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Image 6 of Kentucky fruit notes, vol. 1, No. 1, August 1938

Part of Kentucky Agricultural Experiment Station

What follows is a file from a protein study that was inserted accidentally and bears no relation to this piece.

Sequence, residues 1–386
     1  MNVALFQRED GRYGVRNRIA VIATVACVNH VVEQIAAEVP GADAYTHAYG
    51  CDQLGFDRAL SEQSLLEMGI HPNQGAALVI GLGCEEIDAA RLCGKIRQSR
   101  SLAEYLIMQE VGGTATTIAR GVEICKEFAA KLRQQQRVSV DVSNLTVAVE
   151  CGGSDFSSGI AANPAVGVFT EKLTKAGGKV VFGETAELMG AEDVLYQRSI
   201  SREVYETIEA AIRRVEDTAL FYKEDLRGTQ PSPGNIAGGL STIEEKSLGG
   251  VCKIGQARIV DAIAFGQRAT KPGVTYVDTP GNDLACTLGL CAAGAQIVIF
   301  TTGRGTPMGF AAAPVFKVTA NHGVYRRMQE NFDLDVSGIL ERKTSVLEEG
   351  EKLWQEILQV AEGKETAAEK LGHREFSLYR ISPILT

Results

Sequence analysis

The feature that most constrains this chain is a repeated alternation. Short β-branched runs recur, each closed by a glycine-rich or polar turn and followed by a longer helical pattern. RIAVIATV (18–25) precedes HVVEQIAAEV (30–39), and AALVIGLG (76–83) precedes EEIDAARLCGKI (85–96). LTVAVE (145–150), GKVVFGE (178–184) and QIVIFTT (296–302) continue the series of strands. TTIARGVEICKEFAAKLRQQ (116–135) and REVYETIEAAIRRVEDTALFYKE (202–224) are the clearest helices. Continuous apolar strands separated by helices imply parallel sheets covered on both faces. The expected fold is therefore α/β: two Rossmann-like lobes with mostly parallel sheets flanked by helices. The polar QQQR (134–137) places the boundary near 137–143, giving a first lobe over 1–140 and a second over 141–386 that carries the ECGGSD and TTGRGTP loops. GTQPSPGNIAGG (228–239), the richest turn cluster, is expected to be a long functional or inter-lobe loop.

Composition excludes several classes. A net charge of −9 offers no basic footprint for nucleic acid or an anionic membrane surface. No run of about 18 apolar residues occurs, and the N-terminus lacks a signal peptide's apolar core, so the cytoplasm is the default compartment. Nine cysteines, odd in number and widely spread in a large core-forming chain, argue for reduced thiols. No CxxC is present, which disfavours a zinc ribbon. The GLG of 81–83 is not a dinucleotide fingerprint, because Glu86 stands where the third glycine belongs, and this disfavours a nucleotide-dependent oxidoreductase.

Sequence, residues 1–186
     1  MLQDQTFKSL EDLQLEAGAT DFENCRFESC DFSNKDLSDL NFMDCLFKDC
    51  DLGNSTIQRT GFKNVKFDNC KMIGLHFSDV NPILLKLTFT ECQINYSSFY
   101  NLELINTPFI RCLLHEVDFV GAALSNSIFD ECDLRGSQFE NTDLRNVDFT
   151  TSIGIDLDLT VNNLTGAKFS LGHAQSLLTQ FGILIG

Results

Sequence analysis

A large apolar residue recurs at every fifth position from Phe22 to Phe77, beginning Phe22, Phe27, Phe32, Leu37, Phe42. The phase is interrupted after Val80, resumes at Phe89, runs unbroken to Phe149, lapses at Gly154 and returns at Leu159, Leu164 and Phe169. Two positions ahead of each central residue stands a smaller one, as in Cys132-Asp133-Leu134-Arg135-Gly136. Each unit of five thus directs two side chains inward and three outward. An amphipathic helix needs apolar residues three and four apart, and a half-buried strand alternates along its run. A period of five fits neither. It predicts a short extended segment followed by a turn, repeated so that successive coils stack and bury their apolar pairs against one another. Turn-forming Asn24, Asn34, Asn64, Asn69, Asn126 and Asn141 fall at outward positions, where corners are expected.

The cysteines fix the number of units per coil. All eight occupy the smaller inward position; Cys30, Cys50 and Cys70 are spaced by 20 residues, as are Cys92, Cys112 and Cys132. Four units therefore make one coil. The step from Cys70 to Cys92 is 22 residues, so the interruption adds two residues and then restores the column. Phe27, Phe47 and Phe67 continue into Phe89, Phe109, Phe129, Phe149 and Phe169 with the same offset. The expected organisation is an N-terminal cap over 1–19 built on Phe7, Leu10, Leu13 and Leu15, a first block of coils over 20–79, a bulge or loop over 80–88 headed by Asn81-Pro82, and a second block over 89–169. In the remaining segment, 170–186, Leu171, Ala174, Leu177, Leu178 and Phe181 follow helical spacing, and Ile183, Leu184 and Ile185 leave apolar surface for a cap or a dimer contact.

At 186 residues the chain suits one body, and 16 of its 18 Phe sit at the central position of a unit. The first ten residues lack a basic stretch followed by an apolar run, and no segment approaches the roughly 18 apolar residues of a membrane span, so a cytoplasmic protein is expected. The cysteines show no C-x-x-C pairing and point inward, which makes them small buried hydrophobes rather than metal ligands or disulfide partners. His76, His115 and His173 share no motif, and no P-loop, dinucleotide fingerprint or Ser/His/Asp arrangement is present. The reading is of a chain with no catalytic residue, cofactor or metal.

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was to accompany Dr. Ritcher and INSECT ENEMIES FIGHT MAN'S ° Mr. W. W. Magill on an inspection BATTLES IN KEN'l‘UCKY · trip in the county, to start a detailed ORCHARDS (\‘ study of the crown b0l‘€l- p_ ()_ Rwenmgl Entomology D€pur‘!· Ml We called upon Mr. C. M. Seaton, ,,lc,ll_ U,l;,l,6,·S;;y of Kcmllckll wl1o was reported to have suffered lu . heavy borer injury. On visiting Mr. We usually sive u lot of crcdlt lo xi ` Seg_tch’g heyyy patch we found that {110 W€Il[h6l' fllld to SDI`8.y pl`OgI'llllIS LE I this insect had destroyed more than f()I' COIl[l`Olllllg lllSBC[ p88[B of p€D.Ch€B, half Of his pg_[ch_ In lcgg than {hre HDDIBB, illld [>ll\HlS. OHBII, \lllllO[lC€(1 “· minutes Dr. Rltcher had picked up by Ulé Sl‘0\\‘€l‘, llllwcl 0ll•3ml€¤ of Ul€9•¢ 19 three of the adult crown borers around ll<‘SlS MG d0lll¤ ll lwlld Sllllw of UW one berry plant. In a few minutes DUB! ll€$¥l‘ll€ll0ll· l _ ` ‘ Buch of US had l€l1l`¤€d how Y0 mld 'l‘his past year, at the Exull orchard, l`; lll€llttl€lll9€€t· located at Paducalt, a small para- lll A field on Mr. Seaton's fa1·m, sev— site killed 10 per cent of the over- e1·al hundred yards away from any wintering codling moth worms. The _ . old plants, was selected for a new worms killed over the winter by all (il . berry field. A few days later, in other causes amounted to about 17 ¤\· ' » advance of the egg laying period, per cent. l·" which is soon after the first of March. lll ll colleclloll of llllllll culullllll Mr. Seaton, assisted by Dr. Ritcher, llll.l,lll, llllllle lll Jlllle Ol lllls yclll. lll tn dug new plants from the crown borer lllll (_llll.l.Qll 0l.clllll.ll lll “·lllllllUl.ll ui infested v¤¤=l¤· Thess l¤¤=¤l¤¤v pew County, 28 per cent of the cnrculios ld plants were thoroughly washed and ll.l,l.€ lllllell lly ll wllsll pul.llSlll,_ the old growth and husks carefully _ _, _ _ _, _ lll V ._ l.€m0v€d_ They were than alleelell lll·· Often. Ouental fiuit moth is lnauili F, on borer free soil until land could be uddeked DY pdmsded _Thle e“m'“e'· “' ¤*‘·*¤m for ¤1¤¤¤¤g· it ll‘§.,,li§?;.,¥:· .?l"§2,.‘i’§Il“L‘$" ,%%**,*5;* ` AS evleeeee that these Simple mee? ond brood Oriental worms were killed . ures, properly carried out, will ehnn- lly lllsecl lllllulqlles , nate crown borer, we are glad to re- ` ` ' I port that this acre of Aroma berries _ _ _ _ l v_ _ . Oll Ml._ Seamnls mlm yleldell lll excess (,11ack on Oatmrm. }*|lIlII Moi n , of 200 crates per acre this spring of P*"‘*‘S“`“$ l 1938. This, so far as I know, was Tins year, as part er a joint project One of U}9 highest lll M€Cl`il€k€ll between the Federal Government and ~ j I (`0llllfY thls YBB-1'. the Experiment Station, 38 collections 1 . ’ For experimental purposes, Dr, of twigs wilted by Oriental fruit moth _ Q Ritcher obtained plants from the same were made in 20 western Kentucky ~ lf source on Mr. Seaton’s farm, after peach orchards. This material, com- ` { the egg laying period in the spring of prising about 5,000 infested twigs, was _ p gé 1937, and removed these plants to shipped to the Federal parasite labora— , l ' g f the Western Kentucky Substation tory at Moorestown, New Jersey, where ; l g farm at Princeton, Ky. Practically the parasites will be reared. . “ Y every pldppef the experimental pldpp The purpose of this work is to check 2 §·$ mg at Prmcemd developed c*`°“"p on the establishment of foreign para— borers and were “"·m"a·uY d mud sites recently released in Kentucky _. - loss. orchards in an attempt to C0llll`0l lllv _, __;__‘¢_ z ·‘ Mr. Seaton, like dozens of other Oriental fruit moth by using its Insect _;_{¤ ;·l growers in the area, felt that he had enemies, g; been fighting a losing battle with ; crown borers prior to 1937, but now ie eels that the crown borer can be ·· , . , p whipped by following the simple IREE RIPDNDD IRUIT recommendations for eliminating the Home-grown tree ripencd pt-aclies crown borer. These are; Dig plants are now available at many places in .'Zj`é~§f fg Q from November 1st to March lst, wasn the state for home canning, pickling ll at once, removing all dirt and dead and making of peach butter. The ;¥_ 5 l and spotted leaves, Plant at once, white flesh varieties, such as Belle of ··;,··fl..;,il or "heel in", in clean soil. The new Georgia and Champion are always in ._r. l patch should be at least 100 yards demand, once they have been given a gli, _l l l from old plantings or wild hosts. Wild trial. If you do not grow peaches for ;j ‘l·._ ;`; hosts are the wild strawberry, Indian home use, drive to a nearby orchard -_ ,. V. ‘ · strawberry and the common wild Cin- and buy a bushel of treo i·ipem·il quefoil, or live finger. peaches. G l.;‘. .. &l% SE " ‘*-"iiial ..... ,.6-.- ,. 1.. . . . . .